Better Sentences: Improving Clarity and Flow

Aim for cohesion and coherence

  • Cohesion refers to how ideas fit together within a sentence and between pairs of sentences.
  • Coherence (sometimes also referred to as 'flow") refers to how groups of sentences--particularly paragraphs--interrelate to convey a unified message or theme. 

If your readers have trouble understanding how your ideas fit together, this may mean your sentences lack cohesion. When sentences don't clearly connect, the paragraphs will likely be hard to follow.

Here are four techniques to address problems with cohesion:

Use an “old-to-new” information pattern

One way to improve cohesion is to put old information near the beginning of a sentence (the first half) and shift new information to the end or second half of the sentence. 

  • “Old” or given information is anything familiar to your readers.  Old/given information may be present in a previous sentence or two, or apparent within the context of a sentence, or simply part of readers’ general knowledge of a topic.
  • By contrast, “new” information tends to be unfamiliar to readers or more complex: something readers can’t anticipate.

Using this pattern, your sentences can incorporate highly complex ideas without losing clarity or flow:

Sentence Beginning (1st half)

Sentence Ending (2nd half)

Topic/Subject—what you’re talking about (topic should be the same as the grammatical subject)

Action/Verb (should be the same)

Old/Given information

New information

May be short, or simple, or familiar

May be long and/or complex


Stress or climax — what reader will take away

Turn subjects into topics

When sentences have clear topics, readers can more easily see connections among ideas and trace the evolution of a topic within a paragraph. Sentences without clear topics can seem unclear and unfocused:

Needs improvement: It [subject] is anticipated [verb] that the new policies governing laboratory health and safety will mean that an improvement of our test results will occur.

  • Why? The grammatical subject “It” does not convey what the sentence is about. The passive verb “is anticipated” does not convey action. The ending may not stress the most important part of the message. A paragraph of sentences like these would impede flow and focus.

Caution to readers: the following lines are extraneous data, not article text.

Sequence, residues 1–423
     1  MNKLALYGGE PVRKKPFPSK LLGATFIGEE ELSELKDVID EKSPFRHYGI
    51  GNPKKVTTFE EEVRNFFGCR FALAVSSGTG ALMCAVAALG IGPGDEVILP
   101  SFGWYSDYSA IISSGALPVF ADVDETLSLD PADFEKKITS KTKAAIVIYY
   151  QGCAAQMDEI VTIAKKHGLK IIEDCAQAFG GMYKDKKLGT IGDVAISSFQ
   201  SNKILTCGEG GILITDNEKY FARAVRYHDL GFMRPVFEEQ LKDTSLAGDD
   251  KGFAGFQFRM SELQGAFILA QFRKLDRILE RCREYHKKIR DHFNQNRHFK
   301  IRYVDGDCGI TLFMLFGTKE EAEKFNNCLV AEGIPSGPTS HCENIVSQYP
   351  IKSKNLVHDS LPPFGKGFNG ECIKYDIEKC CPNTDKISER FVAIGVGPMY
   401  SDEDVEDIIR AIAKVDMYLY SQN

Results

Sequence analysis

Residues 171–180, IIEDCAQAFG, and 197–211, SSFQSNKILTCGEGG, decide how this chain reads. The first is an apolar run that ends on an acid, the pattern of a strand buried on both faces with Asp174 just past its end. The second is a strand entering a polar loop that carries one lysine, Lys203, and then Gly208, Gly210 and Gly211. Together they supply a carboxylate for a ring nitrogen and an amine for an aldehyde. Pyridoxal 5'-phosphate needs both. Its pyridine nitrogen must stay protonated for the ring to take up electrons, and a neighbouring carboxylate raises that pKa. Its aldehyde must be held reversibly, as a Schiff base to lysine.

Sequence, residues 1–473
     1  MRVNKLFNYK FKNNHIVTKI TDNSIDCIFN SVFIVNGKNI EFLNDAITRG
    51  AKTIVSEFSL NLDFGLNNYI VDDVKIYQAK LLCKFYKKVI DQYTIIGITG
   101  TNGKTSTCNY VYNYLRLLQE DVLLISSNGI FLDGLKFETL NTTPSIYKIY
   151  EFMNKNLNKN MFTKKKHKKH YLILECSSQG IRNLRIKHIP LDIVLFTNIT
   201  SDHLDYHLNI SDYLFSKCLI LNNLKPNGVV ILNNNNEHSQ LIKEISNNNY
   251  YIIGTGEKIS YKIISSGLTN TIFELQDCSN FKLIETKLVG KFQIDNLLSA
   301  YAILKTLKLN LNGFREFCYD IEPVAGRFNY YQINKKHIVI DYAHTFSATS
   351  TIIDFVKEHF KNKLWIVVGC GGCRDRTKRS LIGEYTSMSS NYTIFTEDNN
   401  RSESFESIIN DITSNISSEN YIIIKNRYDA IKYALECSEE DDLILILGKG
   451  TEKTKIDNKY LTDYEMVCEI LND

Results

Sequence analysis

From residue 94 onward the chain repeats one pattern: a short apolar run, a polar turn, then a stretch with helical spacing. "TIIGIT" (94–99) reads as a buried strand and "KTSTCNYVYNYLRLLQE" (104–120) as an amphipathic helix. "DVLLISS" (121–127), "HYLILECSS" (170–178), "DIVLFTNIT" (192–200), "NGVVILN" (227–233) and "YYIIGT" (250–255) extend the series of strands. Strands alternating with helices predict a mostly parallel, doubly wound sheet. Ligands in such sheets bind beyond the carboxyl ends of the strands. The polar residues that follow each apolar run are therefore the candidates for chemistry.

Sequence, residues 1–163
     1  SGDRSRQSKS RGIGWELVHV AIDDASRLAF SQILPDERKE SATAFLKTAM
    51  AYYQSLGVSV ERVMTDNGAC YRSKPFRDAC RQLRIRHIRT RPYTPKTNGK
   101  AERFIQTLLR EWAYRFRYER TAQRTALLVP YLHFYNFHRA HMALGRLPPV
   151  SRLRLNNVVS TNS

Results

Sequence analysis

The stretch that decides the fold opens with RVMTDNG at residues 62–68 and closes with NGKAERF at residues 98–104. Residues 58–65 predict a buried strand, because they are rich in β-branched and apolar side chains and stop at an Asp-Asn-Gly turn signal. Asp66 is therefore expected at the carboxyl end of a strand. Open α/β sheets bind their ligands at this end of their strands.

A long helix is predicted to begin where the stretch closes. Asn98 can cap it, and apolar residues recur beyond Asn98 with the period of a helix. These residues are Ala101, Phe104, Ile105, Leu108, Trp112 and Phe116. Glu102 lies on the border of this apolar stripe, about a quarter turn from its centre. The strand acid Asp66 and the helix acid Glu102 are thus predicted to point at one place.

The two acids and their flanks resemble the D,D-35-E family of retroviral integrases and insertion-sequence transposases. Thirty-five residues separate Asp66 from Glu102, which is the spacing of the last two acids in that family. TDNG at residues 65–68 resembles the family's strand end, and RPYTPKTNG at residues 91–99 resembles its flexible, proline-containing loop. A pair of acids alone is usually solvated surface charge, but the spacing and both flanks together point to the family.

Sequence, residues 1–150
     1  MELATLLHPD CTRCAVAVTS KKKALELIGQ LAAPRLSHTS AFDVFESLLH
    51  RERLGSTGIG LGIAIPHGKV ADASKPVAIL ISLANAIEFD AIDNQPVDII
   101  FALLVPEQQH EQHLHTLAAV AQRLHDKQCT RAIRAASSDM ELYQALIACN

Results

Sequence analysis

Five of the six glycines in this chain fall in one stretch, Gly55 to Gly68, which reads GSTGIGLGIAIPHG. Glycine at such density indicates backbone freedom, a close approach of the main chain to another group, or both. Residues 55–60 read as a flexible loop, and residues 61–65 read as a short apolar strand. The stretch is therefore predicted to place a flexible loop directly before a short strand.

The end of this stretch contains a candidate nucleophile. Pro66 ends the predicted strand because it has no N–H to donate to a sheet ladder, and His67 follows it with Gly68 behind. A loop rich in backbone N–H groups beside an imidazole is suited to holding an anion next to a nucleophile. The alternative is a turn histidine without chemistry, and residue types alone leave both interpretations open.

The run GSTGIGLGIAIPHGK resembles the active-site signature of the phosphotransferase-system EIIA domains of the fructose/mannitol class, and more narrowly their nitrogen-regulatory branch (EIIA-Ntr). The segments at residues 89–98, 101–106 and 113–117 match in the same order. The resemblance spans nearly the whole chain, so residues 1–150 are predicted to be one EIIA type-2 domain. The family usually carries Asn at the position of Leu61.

Try: The new policies governing laboratory health and safety [subject=TOPIC] will improve [verb=ACTION] our test results.

TIP: Convert noun and prepositional phrases into topics or actions, or else delete them. Ex: "an improvement of our test results will occur" becomes "will improve our test results." Ending the sentence with "test results"  emphasizes that important idea.

Start sentences directly

Avoid unnecessary, indirect phrases or “throat-clearing”:

  • Before:  And, therefore, politically speaking, the candidate’s decision made good sense.  
  • Revised:  The candidate’s decision made good sense politically. [Start with the topic]
  • Before:  However, it is important in arriving at such a conclusion to recognize. . .
  • Revised: Our conclusion recognizes the importance of . . . [Convert “it is” and prepositional phrases into a topic and action]
  • Before:  We think it useful to provide a detailed illustration of our plan.
  • Revised: This illustration provides details about our plan. [Express the “real” topic and action]

Avoid over-using “this is, it is, there is/are.”  Frequently relying on these constructions (known as expletives) makes it harder for readers to recognize the topic of a sentence. This in turn makes it difficult to trace the main topic or theme within a paragraph (see “Turning Subjects into Topics” above).

Finish sentences emphatically

Complex ideas: 

Shift unfamiliar language, concepts, or new terms toward the end of a sentence.  This “new” concept or term then becomes “old information” when starting the next sentence.


The end of a sentence is usually the best place for “stress” or emphasis (sometimes called climax).  The principle is that people remember the endings best.  So look closely at the last few words of sentences.  Do sentences end with the words or phrases deserving the greatest attention?


Options include trimming “wordiness,” turning a secondary or peripheral idea into an introductory phrase, or shifting a deserving idea to the end of the sentence.

  • Before:  The arguments made by the committee are incomplete, for the most part.
  • Revised:  For the most part, the committee’s arguments are incomplete. [Turn a secondary idea into an introductory phrase; reduce wordiness by using the active voice]
  • Before:  The way we deal with the hostile reactions of the delegates is important.
  • Revised:  It’s important how we deal with the delegates’ hostile reactions. [Shift the deserving idea to the end of the sentence]

One last thought: You may have been told to show more variety in your sentence structures. But this advice can backfire if, for the sake of variety, you lose track of your topics and actions or don’t check your sentences for flow. If you focus on clear topics and actions and follow the general principles of “old/given + new” information, your writing will seem clear and readable rather than boring or monotonous.

Learn more about “Connecting Paragraphs and Sentences” (Student Learning Commons). If you'd like more practice recognizing cohesion and coherence, try these activities created by the University of London.